Moore’s Law, The Origin Of Life, And Dropping Turkeys Off A Building

I’ve already mentioned the nonsensical paper “published” in (surprise, surprise) arXiv in...

Genome Reduction In Bladderworts Vs. Leg Loss In Snakes

In one sense, I am happy that there is enough interest in the concept of “junk DNA” (and by...

Another Just-So Story, This Time About Fists

“It is demonstrable,” said he, “that things cannot be otherwise than as they are; for as...

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T. Ryan GregoryRSS Feed of this column.

I am an evolutionary biologist specializing in genome size evolution at the University of Guelph in Guelph, Ontario, Canada. Be sure to visit Evolver Zone

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One of the most common hypotheses that I hear with regard to possible non-coding DNA function is that it serves to protect genes against mutation. Junk DNA, according to this proposal, is there to provide a defensive shield against mutagens (usually this includes UV, ionizing radiation, chemical mutagens, viruses, and/or oxygen radicals). I am very skeptical of this explanation, but I am willing to take it seriously if it is studied seriously. In fact, one of my current graduate students first came to talk with me when he was an undergraduate and asked me about this possible function.
It's alive!

It's alive!

Oct 23 2009 | 1 comment(s)

For those who enjoyed our first set of bacteria art images, you will definitely want to check out Microbial Art.

It's alive!

It's alive!

Oct 23 2009 | 0 comment(s)

For those who enjoyed our first set of bacteria art images, you will definitely want to check out Microbial Art.

From Oct. 9-30, the University of Guelph and Ed Video are hosting a special art exhibit entitled "This View of Life: Evolutionary Art for the Year of Darwin". It was organized by professors in four departments: Integrative Biology, Philosophy, History, and English and Theatre Studies, and was curated by Scott McGovern of Ed Video. The exhibit features art by 10 artists, all inspired by the themes of evolution, Darwin, and biodiversity.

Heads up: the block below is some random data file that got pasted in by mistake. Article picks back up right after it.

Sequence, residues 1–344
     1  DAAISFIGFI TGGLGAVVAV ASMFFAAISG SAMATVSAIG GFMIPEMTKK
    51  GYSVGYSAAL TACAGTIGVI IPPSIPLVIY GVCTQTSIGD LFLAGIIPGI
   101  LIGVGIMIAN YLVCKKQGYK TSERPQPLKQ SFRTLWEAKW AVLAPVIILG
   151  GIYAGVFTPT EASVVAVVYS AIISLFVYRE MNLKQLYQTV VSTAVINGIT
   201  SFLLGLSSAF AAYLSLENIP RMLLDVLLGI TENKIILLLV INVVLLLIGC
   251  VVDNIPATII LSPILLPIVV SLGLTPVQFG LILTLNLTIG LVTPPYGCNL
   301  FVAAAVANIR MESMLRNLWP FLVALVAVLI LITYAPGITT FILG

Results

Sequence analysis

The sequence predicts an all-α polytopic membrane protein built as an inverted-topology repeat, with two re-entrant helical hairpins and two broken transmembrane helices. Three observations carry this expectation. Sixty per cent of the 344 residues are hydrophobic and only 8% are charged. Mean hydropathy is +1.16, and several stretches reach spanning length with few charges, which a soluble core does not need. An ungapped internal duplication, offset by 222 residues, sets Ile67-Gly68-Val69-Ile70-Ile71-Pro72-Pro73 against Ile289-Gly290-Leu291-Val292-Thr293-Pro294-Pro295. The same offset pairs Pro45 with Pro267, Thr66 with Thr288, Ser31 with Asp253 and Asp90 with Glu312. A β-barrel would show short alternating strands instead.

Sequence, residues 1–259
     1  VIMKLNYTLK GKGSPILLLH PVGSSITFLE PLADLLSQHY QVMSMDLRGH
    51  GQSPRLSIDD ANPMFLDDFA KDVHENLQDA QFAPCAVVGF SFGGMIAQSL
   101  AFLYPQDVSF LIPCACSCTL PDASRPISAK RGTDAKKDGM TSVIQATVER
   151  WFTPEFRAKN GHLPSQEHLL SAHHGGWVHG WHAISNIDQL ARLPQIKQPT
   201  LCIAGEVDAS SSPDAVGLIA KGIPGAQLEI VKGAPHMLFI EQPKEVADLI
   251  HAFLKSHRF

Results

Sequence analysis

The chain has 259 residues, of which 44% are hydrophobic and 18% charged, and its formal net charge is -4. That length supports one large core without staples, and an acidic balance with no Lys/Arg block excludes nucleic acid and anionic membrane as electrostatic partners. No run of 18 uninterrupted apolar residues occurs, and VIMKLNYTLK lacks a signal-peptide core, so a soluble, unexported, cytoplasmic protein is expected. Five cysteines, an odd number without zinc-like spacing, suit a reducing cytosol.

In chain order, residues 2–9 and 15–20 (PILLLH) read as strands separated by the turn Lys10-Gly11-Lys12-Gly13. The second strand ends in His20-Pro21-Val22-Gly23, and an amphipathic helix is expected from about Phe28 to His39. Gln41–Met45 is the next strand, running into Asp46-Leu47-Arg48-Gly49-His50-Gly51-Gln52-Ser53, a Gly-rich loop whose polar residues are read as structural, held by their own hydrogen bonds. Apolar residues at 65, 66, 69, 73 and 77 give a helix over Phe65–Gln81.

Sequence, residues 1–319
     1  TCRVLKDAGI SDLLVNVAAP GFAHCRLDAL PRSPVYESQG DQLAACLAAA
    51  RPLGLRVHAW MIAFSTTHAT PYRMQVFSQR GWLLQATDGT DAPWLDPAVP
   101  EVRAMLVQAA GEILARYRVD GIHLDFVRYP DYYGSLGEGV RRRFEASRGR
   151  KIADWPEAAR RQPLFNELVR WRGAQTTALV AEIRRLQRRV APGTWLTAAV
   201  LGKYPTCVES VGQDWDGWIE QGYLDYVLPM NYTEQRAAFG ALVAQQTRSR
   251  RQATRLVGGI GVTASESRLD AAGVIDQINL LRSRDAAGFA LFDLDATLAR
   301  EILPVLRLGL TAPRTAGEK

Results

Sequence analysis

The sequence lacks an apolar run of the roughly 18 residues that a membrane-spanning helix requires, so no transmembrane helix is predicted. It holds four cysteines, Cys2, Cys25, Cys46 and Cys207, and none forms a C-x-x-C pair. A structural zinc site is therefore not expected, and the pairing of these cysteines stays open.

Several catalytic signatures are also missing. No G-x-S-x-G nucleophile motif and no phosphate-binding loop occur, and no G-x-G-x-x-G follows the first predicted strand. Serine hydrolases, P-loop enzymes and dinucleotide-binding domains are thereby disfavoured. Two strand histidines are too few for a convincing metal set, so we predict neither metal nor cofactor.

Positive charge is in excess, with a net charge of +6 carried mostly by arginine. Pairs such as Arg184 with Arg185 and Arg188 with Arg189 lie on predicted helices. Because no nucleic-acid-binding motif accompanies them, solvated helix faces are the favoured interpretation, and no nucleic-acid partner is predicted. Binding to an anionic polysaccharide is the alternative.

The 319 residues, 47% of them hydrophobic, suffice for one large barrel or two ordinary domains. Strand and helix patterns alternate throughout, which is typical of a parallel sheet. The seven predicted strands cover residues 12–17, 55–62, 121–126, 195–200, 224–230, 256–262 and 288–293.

The Gregory Lab contributed some installations as well, which are shown in this brief clip from just before the opening reception on Oct. 16 (about 200 people attended the event).
I liked it. Overall, I think the Discovery Channel did a good job of capturing the painstaking work that goes into scientific research, in this case spanning more than 15 years from discovery to publication. Some other quick thoughts:
  • This was not hype. If anything, it was pretty modest, given the amount and significance of the work involved. I didn't see the Darwinius special, but even the previews had me wincing.
Some instructors have lamented the challenges of teaching students who are constantly logged-on, plugged-in, facebooked, etc. Guess what? I like teaching the iGeneration*. I enjoy using YouTube clips in my lectures, putting together online discussions, and making use of blogs and online resources. I like the fact that they all have laptops (but not if they're rude enough to play games during class). I appreciate that I can upload my lecture notes as PDF files and they will all be able to bring them to lectures. I have a BlackBerry, an iPod, a netbook, a blog (obviously), a document scanner, and miscellaneous other gadgets. I hate being offline as much as my students do.